Applying CPLR § 302(a)(1), Justice Bransten determined that Ace Decade’s claims did not arise out of business transacted by UBS in New York because, based on the “totality of the circumstances,” there was not a “substantial relationship” between the causes of action and any transaction by defendant in New York.[3]  The court reasoned that “the complaint describes a purchase by a British Virgin Islands company (Ace Decade) through a Chinese investment fund, of Shares regulated by Chinese law, denominated in Hong Kong Dollars and listed on the Hong Kong Stock Exchange.”[4]  Ace Decade’s relocation to New York before the investment was funded did not trigger long-arm jurisdiction under section (a)(1), the court concluded, because UBS’s telephone and email communications to Ace Decade in New York “are not enough to exercise long-arm jurisdiction with respect to claims arising out of an entirely foreign transaction.”[5]

Justice Bransten further held that UBS did not commit a tortious act within New York subjecting it to jurisdiction under CPLR § 302(a)(2).  The court discounted Ace Decade’s allegations of ongoing misrepresentations after it moved to New York in early 2015, which the court found were contradicted by earlier statements in the original complaint and the affidavit of Ace Decade’s agent.  Specifically, the prior filings alleged that Ace Decade’s agent did not discuss the margin call provisions with UBS again after moving to New York.  Although an amended pleading supersedes all prior pleadings, the court noted that Ace Decade’s earlier statements were a “judicial admission” that any misrepresentations were directed at Ace Decade before it relocated to New York.[6]  And even if the allegations of ongoing misrepresentations were credited, the court reasoned that CPLR § 302(a)(2) would not apply because a “fraudulent misrepresentation[] received in New York [is] insufficient” alone to exercise jurisdiction.[7]

The court also found CPLR § 302(a)(3) to be inapplicable because UBS did not cause injury in New York by committing a tortious act outside the State.  The court found that Ace Decade’s residence in New York is not a sufficient predicate for jurisdiction where the funds used for the investment were never held in a New York account and Ace Decade’s allegation of “lost unnamed potential investors” in New York was too conclusory to establish injury in New York.[8]

Forum Non Conveniens

The court noted that the doctrine of forum non conveniens, codified in CPLR § 327(a), permits dismissal of actions “when . . . in the interest of substantial justice, the action should be heard in another forum.”  “Although the plaintiffs’ choice of forum should rarely be disturbed, dismissal based upon forum non conveniens is warranted where there is ‘no substantial connection to this State.’”[9]  The court found that “the only connection to New York is that Plaintiff and its agents moved here in 2015—after entering into the relevant agreements that structured the Investment.”[10]  Phone calls between Ace Decade’s agents in New York and UBS’s agents abroad do not establish a substantial connection to New York, the court held, particularly where China’s and Hong Kong’s interests in the lawsuit are greater than New York’s interest, and relevant documents and witnesses are in Hong Kong.  The court found that forum non conveniens provides another basis for dismissal of Ace Decade’s claims.[11]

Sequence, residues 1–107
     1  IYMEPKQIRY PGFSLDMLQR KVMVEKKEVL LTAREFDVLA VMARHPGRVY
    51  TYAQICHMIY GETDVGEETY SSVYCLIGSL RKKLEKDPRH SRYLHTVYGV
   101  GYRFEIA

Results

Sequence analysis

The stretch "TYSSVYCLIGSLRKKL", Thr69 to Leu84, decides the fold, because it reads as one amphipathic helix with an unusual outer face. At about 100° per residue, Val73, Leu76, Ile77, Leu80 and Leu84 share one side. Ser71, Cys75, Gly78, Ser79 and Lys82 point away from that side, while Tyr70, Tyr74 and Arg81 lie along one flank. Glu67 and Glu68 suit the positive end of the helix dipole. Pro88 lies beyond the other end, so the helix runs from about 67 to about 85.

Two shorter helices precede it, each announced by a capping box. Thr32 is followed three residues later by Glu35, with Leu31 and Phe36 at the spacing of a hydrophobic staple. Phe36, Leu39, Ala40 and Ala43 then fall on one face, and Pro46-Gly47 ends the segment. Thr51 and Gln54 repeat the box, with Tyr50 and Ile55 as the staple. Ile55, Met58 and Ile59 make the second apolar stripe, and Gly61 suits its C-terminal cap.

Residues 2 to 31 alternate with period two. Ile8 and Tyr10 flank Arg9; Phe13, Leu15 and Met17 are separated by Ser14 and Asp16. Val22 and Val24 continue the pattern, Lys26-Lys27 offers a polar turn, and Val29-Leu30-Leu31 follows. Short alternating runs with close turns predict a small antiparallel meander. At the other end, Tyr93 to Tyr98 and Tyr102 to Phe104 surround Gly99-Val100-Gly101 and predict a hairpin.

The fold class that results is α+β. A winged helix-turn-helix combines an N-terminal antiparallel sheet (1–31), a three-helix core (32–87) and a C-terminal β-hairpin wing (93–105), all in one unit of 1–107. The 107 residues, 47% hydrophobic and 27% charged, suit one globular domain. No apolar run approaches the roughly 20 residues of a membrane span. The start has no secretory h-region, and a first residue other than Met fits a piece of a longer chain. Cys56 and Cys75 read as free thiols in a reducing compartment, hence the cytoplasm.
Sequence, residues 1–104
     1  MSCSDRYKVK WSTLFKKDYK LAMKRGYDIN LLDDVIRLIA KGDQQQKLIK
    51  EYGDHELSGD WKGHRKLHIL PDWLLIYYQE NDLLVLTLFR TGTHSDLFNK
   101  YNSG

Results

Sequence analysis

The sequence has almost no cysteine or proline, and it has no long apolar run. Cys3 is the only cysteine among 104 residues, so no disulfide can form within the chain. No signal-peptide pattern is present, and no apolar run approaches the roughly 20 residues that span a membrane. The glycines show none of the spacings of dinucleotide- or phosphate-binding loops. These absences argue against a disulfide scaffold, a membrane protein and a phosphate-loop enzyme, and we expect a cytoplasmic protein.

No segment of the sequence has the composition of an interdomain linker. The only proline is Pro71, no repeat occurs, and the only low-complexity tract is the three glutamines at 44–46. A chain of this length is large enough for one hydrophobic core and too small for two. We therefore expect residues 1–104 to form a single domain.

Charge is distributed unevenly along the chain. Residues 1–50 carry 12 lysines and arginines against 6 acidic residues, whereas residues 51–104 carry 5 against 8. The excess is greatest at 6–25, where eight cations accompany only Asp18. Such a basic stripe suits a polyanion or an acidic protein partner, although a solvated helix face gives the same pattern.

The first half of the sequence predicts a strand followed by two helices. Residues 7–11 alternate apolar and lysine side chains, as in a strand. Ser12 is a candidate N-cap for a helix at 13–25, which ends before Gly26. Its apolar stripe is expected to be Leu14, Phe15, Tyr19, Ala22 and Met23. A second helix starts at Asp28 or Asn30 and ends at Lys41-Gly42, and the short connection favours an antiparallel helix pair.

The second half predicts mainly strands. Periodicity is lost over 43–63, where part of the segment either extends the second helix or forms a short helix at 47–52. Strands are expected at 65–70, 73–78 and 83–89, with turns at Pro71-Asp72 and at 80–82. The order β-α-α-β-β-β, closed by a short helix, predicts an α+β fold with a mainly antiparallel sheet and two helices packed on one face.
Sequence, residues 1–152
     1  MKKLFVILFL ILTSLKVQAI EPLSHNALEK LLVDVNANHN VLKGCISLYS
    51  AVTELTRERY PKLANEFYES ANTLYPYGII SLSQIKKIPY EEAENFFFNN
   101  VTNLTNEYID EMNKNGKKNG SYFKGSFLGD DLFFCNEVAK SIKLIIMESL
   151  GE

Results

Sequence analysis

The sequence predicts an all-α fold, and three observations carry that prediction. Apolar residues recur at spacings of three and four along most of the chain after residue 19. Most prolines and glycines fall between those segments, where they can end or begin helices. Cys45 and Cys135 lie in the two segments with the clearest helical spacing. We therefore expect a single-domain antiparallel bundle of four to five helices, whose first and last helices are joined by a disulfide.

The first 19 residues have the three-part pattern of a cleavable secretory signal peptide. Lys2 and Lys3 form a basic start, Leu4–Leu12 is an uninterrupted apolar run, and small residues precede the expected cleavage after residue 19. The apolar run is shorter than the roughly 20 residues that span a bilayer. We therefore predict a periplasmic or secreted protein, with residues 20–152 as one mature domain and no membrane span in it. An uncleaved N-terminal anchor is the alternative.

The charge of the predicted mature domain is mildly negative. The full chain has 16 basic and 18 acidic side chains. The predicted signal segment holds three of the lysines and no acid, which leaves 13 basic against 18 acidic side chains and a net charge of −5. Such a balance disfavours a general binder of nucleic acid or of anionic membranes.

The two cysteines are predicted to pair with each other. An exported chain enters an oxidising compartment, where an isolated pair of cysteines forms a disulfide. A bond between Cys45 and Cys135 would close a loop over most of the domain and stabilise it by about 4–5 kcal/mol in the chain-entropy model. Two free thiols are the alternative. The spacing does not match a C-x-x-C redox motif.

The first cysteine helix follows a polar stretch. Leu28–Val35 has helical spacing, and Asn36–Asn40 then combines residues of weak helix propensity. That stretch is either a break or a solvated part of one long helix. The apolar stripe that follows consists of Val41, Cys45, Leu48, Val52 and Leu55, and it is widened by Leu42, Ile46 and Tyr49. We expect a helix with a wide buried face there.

Ace Decade highlights the high stakes of specific personal jurisdiction disputes in cases involving a foreign defendant in the post-Daimler era.  The decision underscores that plaintiffs need to plead all connections to the forum, while foreign defendants facing claims need to carefully evaluate early in the case whether the suit lacks a clear connection to the forum.

By Jordan M. Engelhardt by Muhammad U. Faridi



[1] Ace Decade Holdings Limited v. UBS AG, No. 653316/2015, 2016 BL 413780, at *5 (N.Y. Sup. Ct. Dec. 7, 2016) (citing Norex Petroleum Ltd. v. Blavatnik, 48 Misc. 3d 1226 [A], 22 N.Y.S.3d 138, 2015 NY Slip Op. 51280[U], at *20 (N.Y. Sup. Ct. N.Y. Ctny. 2015)).

[2] Id. at *6 (quoting CPLR 302(a)(1)-(3)).

[3] Id. at *7 (quoting Johnson v. Ward, 4 N.Y.3d 516, 519 (2005); Wilson v. Dantas, 128 A.D.3d 176, 184 (1st Dep’t 2015)).

[4] Id.

[5] Id.

[6] Id. at *9 (citing Tullett Prebon Fin. Services v. BGC Fin., L.P., 111 A.D.3d 480, 482 (1st Dep’t 2013)).

[7] Id. (quoting Pramer S.C.A. v. Abaplus Int’l Corp., 76 A.D.3d 89 , 97 (1st Dep’t 2010)).

[8] Id. at *11.

[9] Id. (quoting Blueeye Nav., Inc. v. Den Norske Bank, 239 A.D.2d 192, 192 (1st Dep’t 1997)).

[10] Id. at *11.

[11] Id. (quoting CPLR § 327(a)).